In this space last month, I wrote about how assessment from the ground up  means that accountability for colleges and universities ought to flow from the improvement of student learning and not the other way around. In the responses to that article, and in the work that my colleagues at Alverno College have done with other institutions over the last three decades, a compelling question arises: How can we encourage one another as faculty to engage in assessment that will work for our students and for us, and not just be a bureaucratic chore?
Under pressure from accreditors and others, just about every college and university has declared that it has some form of measuring learning. But we also know that assessment data are gathering dust in file cabinets around the country, and that learning outcomes have gone into syllabi and quietly died. But when this has not been the case, when faculty have embraced assessment as central to their teaching, what has made the difference? How and why have faculty tied learning activities and assessment to course outcomes so that students themselves see achieving the outcomes as essential to success in a course or program?
My Alverno colleagues have conducted workshops on the improvement of teaching and assessing  at colleges and universities in every state in the union and around the globe. And we have hosted a summer teaching and assessment workshop at the college for over 30 years. Our goal has been to share how assessing students’ performance has improved learning, and has provided us with evidence to document progress in individual student learning and the effectiveness of the curriculum as a whole.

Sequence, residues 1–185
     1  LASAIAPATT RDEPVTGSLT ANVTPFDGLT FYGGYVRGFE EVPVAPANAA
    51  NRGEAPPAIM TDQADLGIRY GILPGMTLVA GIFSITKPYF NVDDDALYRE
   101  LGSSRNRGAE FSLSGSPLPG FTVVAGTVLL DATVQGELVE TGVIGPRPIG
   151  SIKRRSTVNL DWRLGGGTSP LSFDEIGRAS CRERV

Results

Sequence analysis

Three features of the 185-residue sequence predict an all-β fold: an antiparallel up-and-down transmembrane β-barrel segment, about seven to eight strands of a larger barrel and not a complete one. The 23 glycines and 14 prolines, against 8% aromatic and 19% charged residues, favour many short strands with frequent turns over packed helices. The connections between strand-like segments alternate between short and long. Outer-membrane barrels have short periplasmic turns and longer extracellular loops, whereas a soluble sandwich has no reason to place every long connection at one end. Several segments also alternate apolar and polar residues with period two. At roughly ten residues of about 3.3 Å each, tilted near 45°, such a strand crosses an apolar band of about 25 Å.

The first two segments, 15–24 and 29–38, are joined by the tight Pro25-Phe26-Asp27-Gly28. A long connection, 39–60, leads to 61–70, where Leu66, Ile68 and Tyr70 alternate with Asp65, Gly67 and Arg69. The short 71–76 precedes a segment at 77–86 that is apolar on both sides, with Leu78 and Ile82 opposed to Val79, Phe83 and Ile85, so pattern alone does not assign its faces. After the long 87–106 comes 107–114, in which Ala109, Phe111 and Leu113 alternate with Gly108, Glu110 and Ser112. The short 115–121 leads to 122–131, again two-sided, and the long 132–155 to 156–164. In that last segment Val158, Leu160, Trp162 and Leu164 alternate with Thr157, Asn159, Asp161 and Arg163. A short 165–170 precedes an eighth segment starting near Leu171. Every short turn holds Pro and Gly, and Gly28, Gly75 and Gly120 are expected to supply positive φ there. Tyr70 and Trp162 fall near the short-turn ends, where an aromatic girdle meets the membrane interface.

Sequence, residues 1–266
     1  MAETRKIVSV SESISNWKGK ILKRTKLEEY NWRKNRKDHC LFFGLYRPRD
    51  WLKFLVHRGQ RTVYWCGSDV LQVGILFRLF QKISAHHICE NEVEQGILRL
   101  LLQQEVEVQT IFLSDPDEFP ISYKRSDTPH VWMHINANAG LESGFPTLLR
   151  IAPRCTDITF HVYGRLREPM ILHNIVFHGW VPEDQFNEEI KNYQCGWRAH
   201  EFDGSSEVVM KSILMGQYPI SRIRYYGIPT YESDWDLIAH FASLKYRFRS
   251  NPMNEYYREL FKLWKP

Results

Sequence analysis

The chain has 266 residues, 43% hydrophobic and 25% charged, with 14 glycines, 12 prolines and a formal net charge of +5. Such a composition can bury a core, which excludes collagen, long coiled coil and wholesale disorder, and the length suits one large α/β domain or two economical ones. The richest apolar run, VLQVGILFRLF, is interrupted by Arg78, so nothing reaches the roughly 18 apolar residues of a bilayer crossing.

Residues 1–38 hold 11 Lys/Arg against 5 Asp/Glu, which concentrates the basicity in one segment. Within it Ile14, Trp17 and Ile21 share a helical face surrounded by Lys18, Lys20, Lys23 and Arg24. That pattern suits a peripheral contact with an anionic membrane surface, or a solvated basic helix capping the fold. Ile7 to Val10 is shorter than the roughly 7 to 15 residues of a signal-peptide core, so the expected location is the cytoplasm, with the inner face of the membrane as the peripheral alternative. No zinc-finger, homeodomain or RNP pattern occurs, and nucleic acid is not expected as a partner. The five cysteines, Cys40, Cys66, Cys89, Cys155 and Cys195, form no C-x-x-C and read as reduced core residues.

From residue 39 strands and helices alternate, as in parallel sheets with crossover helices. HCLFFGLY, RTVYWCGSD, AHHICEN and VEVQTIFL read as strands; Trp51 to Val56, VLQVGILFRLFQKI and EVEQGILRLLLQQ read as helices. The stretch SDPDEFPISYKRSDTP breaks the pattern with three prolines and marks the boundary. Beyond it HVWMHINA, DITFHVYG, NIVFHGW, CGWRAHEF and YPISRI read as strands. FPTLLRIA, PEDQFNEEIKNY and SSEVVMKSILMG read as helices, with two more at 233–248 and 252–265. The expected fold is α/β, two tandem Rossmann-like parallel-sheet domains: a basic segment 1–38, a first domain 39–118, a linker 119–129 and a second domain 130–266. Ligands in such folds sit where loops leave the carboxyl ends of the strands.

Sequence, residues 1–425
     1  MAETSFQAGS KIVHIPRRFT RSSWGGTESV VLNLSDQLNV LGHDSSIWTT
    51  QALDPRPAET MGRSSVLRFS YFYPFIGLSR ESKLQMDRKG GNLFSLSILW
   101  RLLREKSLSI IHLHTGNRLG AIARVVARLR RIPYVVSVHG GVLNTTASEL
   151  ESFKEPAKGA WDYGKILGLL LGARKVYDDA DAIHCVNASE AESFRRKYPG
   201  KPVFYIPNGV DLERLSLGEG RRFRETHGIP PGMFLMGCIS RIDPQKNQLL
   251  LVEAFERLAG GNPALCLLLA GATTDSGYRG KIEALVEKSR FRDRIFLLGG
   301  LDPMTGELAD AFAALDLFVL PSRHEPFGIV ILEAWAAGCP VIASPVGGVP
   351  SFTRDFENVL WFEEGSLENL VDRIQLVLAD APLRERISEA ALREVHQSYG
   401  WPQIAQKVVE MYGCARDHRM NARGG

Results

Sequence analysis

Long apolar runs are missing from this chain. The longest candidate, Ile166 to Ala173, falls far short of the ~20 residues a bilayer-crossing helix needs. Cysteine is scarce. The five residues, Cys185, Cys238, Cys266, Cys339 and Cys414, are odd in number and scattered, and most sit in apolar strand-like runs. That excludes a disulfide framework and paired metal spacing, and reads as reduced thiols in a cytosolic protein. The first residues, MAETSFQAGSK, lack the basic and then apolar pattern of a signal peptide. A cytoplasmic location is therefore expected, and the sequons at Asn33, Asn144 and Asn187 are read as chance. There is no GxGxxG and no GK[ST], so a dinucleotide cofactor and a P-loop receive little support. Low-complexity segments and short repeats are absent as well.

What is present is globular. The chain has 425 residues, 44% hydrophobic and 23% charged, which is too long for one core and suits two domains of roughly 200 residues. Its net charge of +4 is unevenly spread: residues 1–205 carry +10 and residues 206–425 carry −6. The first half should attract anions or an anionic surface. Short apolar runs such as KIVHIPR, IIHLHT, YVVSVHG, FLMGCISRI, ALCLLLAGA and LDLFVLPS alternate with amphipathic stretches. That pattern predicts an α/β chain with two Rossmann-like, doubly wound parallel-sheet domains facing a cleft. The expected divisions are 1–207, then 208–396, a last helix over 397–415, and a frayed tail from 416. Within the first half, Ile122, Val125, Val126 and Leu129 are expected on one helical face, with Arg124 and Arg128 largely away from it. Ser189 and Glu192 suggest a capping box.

In our experience, there are at least five things that have been helpful in engaging faculty in teaching for and assessing learning outcomes:
1. Draw on the expertise of professors who are already -- even without a formal assessment protocol -- doing effective work in teaching, and in understanding what helps students learn. Colleges should create permanent spaces and places for faculty to brag about teaching jobs well done, and offer rewards for individual faculty and programs where effective learning is taking place. Many attempts to institute assessment have unfortunately proceeded from a deficit model – “teaching needs to get better around here, and we are going to bring in consultants and faculty developers to show you the error of your ways.” It may be true that faculty members who have learned to teach on the job – as is true of the vast majority of college and university teachers today – have developed some bad habits and ineffective approaches. But it is also true that there is great teaching going on in every institution. Share and reward what’s working, and recognize faculty expertise as teachers as well as scholars of the disciplines. An important part of this discourse is developing and sharing assessment processes that get at the kind of learning that faculty expect of students and provide insights into how to improve teaching. Encourage that professor who tried something with her students last year that failed to explain to her peers how she learned from that experience and what she is doing now to get better results. This sort of sharing among faculty will do more to advance assessment that improves student learning than providing canned rubrics and requiring end-of-term assessment paperwork.